2015 Road Safety Statistics – Evidencing the new ‘epoch’June 30, 2016
Project EDWARD – A day without road deathsSeptember 21, 2016
Motorcyclist Casualties - What's Going On?
In the recently published casualty statistics the DfT noted 'Motorcycling fatalities were the only significant road user group and severity to increase during 2015. In total, 365 motorcyclists were killed during the year, up 8 per cent from 339 in 2014.'Here we look at some of the features of Motorcyclist collisions and highlight how heterogeneous the group is.
After spending many years analysing those motorcyclicts involved in injury collision the most important thing to note is that motorcyclists are not homogenous and one size doesn't fit all. A popular sterotype is the 'norn again biker' who used their sports bike at weekends for a blast on country roads. It may surprise the reader to discover that the casualty figures paint a very different picture.
We therefore need to carefully profile riders and adapt different solutions to target different types. In recent years, we have undertaken at least 6 different Insight Studies on motorcyclists, for a diverse set of clients. These have included 4 London Boroughs, one county council and a ceremonial county of 6 unitary authorities.
Motorcycle casualties aged between 25 and 64, injured at weekends on bikes over 125cc only make up 12.5% of all motorcyclist casualties. The figure for riders killed rises to 29% however (Source MAST Online, Casualties 2005 - 2014)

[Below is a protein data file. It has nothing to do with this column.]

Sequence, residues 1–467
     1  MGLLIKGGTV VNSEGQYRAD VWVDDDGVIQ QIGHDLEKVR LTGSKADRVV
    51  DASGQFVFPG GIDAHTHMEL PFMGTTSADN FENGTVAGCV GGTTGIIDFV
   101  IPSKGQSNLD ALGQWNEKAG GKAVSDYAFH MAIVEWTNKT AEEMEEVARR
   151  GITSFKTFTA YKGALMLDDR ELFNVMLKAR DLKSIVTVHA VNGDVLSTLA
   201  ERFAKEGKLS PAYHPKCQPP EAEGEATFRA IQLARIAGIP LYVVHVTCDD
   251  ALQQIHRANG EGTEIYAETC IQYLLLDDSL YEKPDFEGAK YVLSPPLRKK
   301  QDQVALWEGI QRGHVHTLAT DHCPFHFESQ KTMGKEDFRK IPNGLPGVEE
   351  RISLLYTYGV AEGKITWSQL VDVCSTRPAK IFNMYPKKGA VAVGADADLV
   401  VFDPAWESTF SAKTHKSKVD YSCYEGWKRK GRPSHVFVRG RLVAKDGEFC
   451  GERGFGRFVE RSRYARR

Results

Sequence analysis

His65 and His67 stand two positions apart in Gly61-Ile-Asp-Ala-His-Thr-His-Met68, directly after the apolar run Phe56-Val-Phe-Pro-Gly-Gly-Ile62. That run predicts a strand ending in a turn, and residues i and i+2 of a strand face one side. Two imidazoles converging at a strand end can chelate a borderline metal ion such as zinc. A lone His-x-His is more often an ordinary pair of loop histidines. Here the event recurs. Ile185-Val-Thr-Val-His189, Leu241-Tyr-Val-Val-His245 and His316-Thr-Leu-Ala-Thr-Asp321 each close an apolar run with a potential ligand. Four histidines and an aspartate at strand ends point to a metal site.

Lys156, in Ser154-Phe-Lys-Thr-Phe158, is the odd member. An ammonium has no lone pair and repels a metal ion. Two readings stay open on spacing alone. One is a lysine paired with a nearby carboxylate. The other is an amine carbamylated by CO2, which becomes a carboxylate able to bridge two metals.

Whilst some of these studies have revealed similarities, the over-riding conclusion is that motorcyclists differ
1Type of bike
There are different peaks in user age according to engine size o Up to 125cc (16, 20-29) o Over 125cc (30-34) o Over 500cc (40-49)
These differ and analysed alongside time of day and day of week, some assumptions can be made about reason for travelling: o Commuting for work o Commuting for college/school o Riding for work purposes – couriers o Riding for work purpose – leisure riders o Pleasure – weekends in rural areas
From deprived 16-year-old moped riders (who may struggle to keep their bike roadworthy or avoid appropriate protective gear), through to affluent professionals who also own several cars alongside their bike. In between are young city centre graduates who are embarking on their careers.
Unsurprisingly, motorcyclists do not necessarily crash in their own area – joint working or national approaches are necessary to ensure that all motorcyclists are targeted effectively.
There are some similarities, though: Only between 13 and 25% of riders on up to 125cc machines were involved in single vehicle collisions, with 28% of those on over 500cc motorcycles in crashes with no other vehicles. Between 30 and 55% of the riders were near to a T-junction at the time of their crash but between 48 and 62% were travelling straight ahead at the time. Visibility, manoeuvres and the observations of other road users could be at play here.